These are all 10 minutes or less:
This week I stopped thinking about draftsmanship and focused on staying loose. My drawings seem to turn out better that way. It's weird. It's as if something else takes control of the drawing, not ME. I think when I "let go" it's like when a musician plays on feel, rather than thinking about every individual note and where to put their fingers. Soon, you've played the piece and you don't know how it happened. It's muscle memory.
It's very hard to push yourself in that zone, because you always want to control your work. It's how you feel mastery. You want to feel that you control every aspect of your art in look, feel, style and, if you're an animator, how the drawings move through space and time as well. We crave the control over our art, but really, control could be just knowing how to stay loose. Like the musician knowing when to close his eyes and just play. When to let the muscle memory take over.
I have a book called Alla Prima, by Richard Schmid. He says in the book that "Looseness is not a frivolous departure from control.... It arises from the freedom which comes from superb control." It's funny, that looseness looks like the opposite, doesn't it? Sometimes brevity, and the absence of rendering feels like the artist has nothing more to offer than a few carefully placed lines, but in this artist's humble opinion, those very few, select lines are the hardest ones to draw.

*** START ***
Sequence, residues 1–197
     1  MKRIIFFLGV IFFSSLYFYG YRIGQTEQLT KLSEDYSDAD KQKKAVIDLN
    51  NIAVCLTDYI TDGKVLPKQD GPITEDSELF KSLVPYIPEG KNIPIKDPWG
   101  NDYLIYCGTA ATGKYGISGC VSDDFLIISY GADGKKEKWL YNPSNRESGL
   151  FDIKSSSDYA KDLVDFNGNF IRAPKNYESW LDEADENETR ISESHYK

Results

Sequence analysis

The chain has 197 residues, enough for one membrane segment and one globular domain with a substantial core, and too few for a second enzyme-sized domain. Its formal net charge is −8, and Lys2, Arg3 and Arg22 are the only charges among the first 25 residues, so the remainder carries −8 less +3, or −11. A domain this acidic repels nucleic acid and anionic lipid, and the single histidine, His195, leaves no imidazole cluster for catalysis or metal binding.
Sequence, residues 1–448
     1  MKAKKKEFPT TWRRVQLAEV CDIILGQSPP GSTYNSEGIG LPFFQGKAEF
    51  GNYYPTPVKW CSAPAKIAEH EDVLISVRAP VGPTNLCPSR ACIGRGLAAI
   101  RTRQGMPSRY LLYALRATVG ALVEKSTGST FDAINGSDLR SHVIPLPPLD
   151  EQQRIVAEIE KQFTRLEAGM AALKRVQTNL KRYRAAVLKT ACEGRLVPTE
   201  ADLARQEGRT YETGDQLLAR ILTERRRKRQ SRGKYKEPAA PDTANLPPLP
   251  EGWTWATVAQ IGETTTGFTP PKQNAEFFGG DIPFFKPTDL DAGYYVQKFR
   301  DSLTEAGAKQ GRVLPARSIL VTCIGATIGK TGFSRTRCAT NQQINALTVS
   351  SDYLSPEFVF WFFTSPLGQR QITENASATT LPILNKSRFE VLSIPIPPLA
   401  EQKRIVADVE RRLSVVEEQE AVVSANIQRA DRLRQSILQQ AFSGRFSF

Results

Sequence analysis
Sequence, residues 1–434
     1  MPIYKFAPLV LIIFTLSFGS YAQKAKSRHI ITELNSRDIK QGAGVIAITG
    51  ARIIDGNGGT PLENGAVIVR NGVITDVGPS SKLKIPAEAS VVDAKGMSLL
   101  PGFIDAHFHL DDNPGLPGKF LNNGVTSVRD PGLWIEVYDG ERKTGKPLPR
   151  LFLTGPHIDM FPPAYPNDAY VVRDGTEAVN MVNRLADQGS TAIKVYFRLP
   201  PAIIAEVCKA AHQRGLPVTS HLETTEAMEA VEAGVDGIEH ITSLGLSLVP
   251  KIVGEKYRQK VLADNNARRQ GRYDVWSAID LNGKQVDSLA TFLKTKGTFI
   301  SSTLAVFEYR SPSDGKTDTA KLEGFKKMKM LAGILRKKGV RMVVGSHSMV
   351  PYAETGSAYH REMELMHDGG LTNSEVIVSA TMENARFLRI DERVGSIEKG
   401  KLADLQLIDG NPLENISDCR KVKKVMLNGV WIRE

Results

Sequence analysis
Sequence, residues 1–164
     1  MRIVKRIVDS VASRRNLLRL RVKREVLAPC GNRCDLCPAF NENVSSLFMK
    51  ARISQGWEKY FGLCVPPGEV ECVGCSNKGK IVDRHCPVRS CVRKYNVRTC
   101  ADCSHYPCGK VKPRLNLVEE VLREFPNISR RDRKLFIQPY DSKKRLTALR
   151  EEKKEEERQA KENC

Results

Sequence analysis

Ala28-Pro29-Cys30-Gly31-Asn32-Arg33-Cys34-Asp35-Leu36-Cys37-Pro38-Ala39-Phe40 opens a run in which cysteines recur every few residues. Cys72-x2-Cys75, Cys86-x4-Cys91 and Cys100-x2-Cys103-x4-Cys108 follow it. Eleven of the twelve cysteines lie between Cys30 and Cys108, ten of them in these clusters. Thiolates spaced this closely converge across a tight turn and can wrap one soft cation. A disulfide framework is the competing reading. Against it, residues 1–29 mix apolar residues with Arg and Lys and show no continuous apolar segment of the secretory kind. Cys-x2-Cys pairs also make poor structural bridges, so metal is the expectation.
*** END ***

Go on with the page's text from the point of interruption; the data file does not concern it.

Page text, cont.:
Anyway, back to the Schmid quote, *SIGH*, I would definitely never presume that I have superb control, but I do get better results being loose. I can't wait until I feel that the control is superb.
Until next time,